That's not sayin that these two factors are not responsible for accidents and they may in fact be a cause for most accidents but the problem is that because a whole list of "contributing factors" can be pulled out of the bag then ofcourse our faithful "speed and alcohol" factors will be used as THE reason dispite what I believe as more appropriate contributing factors as being the cause.

    The police or safety researchers will argue that there are many factors that contribute to accidents. They arue that it's not possible to blame one particular thing. However this sets up a situation where the facts of an accident can be manipulated to show anything they want. This is what I believe needs to be looked at, that is, If the greater percentage of possibility shows that the cause of an accident was one factor then that factor should be used as the cause. Not all this "contributing factor" bullshit.

    If road conditions were a major cause for accidents then don't you reckon they would have to do something to improve roads? However this cost too much money.
    If rider/driver error were the major cause of accidents don't you reckon they would have to teach people to ride/driver better? However this cost too much money as well.

    I'm sorry to hear of this person's death. I personally would rather that accident reports were used to prevent other people from dying on the roads and so I would rather hear an honest reason for the accident. I believe this type of approach would be far more beneficial then the crap they sprout at the moment. This contributing factor bull only seems to justify the methods of enforcement they use that really don't fix the problems.
  9. In Vic they take $50 off you and use that to fix the roads... AND, riders still go out and get killed - in completely different locations to where the roads were repaired. Road conditions are ecrtainly a factor - why not teach/promote "read the road ahead" concepts - that's what I use to keep out of trouble when the road conditions turn to shit suddenly...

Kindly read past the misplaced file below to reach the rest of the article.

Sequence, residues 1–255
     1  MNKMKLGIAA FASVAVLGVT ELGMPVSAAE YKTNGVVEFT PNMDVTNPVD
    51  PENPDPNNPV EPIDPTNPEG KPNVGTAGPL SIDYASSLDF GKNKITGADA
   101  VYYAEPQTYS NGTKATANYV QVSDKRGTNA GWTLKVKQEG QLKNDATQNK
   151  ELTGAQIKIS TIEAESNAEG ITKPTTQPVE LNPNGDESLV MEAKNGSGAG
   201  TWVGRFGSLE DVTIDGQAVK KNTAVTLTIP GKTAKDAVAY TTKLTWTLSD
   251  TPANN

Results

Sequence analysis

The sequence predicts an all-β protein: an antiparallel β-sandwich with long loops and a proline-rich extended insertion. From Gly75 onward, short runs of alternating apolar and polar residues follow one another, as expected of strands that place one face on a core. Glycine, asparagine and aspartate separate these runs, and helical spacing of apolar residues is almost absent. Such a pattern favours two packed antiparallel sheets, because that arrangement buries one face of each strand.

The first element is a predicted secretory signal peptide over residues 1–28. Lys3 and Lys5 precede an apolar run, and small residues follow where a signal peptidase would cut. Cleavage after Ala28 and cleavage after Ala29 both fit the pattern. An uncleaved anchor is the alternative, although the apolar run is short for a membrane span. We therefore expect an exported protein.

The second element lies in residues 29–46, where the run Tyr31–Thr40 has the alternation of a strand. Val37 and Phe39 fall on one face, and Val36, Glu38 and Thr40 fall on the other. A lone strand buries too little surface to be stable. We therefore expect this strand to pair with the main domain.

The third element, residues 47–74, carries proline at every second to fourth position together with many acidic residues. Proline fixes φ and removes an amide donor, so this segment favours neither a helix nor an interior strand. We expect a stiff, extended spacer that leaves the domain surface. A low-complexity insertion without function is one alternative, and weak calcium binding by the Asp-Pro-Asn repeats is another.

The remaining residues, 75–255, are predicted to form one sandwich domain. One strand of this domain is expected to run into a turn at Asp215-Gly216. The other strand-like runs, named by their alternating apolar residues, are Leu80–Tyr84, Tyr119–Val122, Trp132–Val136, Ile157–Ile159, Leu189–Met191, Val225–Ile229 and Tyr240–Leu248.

There must be a better solution - other than blaming speed etc.

    You would think that after all these years and all the accident reports/studies, that the police would be able to put something together to explain why riders get killed, other than the bland concepts they keep coming up with....
  10. you get that

    Cheers :cool:
  11. Top post Tack :applause:

    Thanks for reminding us that the media's use of out-of-context police quotes gets the more suggestible types' knickers all twisted.
  12. Great idea and I agree 100%, riders can always book themselves into the various riding courses off their own bat as well.

    My employer put me through an advanced driving course and I went into it thinking it would be a waste of time (misspent youth hooning around and some race track exposure) but I certainly came away from it understanding how my then work vehicle handled certain emergency situations.

    Mind you, we all felt sorry for the guy who turned up in a fully loaded Hiace Van :shock:

    Oh, back to my original post, in the quick look in the Ch10 report I didn't think it was a 100mph prang either hence the disclaimer of sorts in the last paragraph.
  13. <shakes head> That's scary. I can't understand it at all. I just find it hard to imagine how anyone could feel safe when getting in a car after a lot of drinks. I'm glad you have learnt from your mistake. We all make mistakes but to go the extra step and learn from them shows an intelligence that unfortunately a lot of people don't seem to have.
  14. Yes but from memory that road ranges from 60 to 70kph. If people think he was doing 160 then maybe he was doing 100, likely more. So a safe bet is that he was doing at least 30 over the limit on a very busy public road. You don't wish harm to anyone, but honestly, this is just plain f%^&en stupidity and I don't have any sympathy for him. I have utmost sympathy for the person he killed, her family and friends and the rider's family and friends who have to deal with the aftermath. And also the cops and ambos who have to deal with the carnage that this sort of stupidity causes every day.

    And if the car was at fault by pulling into the rider's lane, then at what point do we say that the bike was going too fast to be able to be reasonably seen by the driver before chaning lanes? I ask this because where I am at the moment, there is often up to 100kph difference between vehicles in adjacent lanes(no s hit, some do 200 in a 100) on the freeway and you have to look at least 200m back for cars catching you before changing lanes. How far back should the driver have looked, reasonably expecting a bike in the other lane to be doing the speed limit, before moving over. If the bike was doing 160 then the driver can't really be blamed for making an error like that.
  15. Whatever the contributing factors are in this instance the bloke has died from making some mistakes. and the bottomn line is that sucks.
  16. What one? The Mortlake one is still an unknown, but the SA one there was a passenger fatality too.

    Death just sucks full stop.

    Take care all...